If I Could Tell You
England, 1939: Julia Compton has a beautifully well-ordered life. Once a promising pianist, she now has a handsome husband, a young son she adores, and a housekeeper who takes care of her comfortable home. Then, on the eve of war, a film crew arrives in her coastal town. She falls in love.
The consequences are devastating. Penniless, denied access to her son, and completely unequipped to fend for herself, she finds herself adrift in wartime London with her lover, documentary filmmaker Dougie Birdsall. While Dougie seeks truth wherever he can find it, Julia finds herself lost. As the German invasion looms and bombs rain down on the city, she faces a choice—succumb to her fate, or fight to forge a new identity in the heat of war.
I am so, so sadden by the outcome I had with this book. This book is right up my alley so I was thoroughly looking forward to reading it. However, it was quickly apparent that I shared no connections to the characters or the story. This is the type of story where it suffers if there is no human connection between the reader (me) and the characters. Yet, I will tell you that I held out hope that the story would get better as I progressed. I still think that there is hope for this book, I just could not stick with it to the end. I barely got a third of the way in.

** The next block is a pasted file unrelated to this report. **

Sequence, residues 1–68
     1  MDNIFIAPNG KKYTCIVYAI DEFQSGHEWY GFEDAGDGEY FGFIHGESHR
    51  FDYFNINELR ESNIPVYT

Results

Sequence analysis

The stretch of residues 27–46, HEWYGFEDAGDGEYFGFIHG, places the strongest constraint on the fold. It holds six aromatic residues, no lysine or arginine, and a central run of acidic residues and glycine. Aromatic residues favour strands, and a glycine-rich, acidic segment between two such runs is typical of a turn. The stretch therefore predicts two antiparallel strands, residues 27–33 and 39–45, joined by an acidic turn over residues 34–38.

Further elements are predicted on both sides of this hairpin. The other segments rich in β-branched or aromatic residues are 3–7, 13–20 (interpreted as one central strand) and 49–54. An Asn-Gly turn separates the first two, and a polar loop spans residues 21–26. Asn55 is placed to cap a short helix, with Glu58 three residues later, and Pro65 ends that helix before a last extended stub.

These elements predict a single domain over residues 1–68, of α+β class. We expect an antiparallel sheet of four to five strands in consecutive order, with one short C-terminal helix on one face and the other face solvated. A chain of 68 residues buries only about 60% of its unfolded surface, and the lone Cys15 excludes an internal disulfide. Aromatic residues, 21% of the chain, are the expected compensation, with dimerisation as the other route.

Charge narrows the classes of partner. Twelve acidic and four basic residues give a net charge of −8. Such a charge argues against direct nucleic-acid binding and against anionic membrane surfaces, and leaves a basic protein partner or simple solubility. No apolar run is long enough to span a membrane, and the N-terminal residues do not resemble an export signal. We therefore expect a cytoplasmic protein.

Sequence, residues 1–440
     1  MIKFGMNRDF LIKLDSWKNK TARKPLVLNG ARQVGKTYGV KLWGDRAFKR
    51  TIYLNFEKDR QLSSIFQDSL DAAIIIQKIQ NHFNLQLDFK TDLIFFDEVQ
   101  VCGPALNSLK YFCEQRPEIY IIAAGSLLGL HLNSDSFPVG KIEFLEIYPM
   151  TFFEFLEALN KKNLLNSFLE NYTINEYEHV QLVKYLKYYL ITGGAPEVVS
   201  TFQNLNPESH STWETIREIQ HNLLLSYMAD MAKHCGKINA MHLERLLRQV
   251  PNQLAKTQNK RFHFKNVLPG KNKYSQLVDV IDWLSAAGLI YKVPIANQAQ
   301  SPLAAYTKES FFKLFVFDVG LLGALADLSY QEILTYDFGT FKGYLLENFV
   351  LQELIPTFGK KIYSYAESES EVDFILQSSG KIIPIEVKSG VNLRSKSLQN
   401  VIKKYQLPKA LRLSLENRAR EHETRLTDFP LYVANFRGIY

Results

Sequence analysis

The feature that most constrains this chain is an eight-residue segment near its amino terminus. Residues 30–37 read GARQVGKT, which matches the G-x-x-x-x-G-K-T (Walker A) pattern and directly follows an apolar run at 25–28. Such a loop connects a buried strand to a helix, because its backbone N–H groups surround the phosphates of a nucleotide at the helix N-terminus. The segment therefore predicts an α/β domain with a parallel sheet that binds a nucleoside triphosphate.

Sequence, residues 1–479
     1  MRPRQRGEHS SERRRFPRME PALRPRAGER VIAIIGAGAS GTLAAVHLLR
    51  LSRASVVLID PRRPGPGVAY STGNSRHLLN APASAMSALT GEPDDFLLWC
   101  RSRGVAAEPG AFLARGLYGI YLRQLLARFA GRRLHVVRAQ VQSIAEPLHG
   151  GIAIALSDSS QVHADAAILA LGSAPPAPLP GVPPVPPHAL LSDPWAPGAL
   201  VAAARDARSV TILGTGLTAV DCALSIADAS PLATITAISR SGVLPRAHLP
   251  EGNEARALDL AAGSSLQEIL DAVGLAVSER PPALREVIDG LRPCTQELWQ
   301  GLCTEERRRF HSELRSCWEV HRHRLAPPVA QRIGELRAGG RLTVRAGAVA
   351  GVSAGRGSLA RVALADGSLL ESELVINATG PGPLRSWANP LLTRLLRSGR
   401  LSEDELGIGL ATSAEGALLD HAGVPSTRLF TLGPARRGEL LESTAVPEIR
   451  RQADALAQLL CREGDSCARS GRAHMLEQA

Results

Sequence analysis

About the Author: Elizabeth Wilhide is the author of Ashenden. Born in the United States, she has lived in Britain since 1967. She has two children and lives in south London.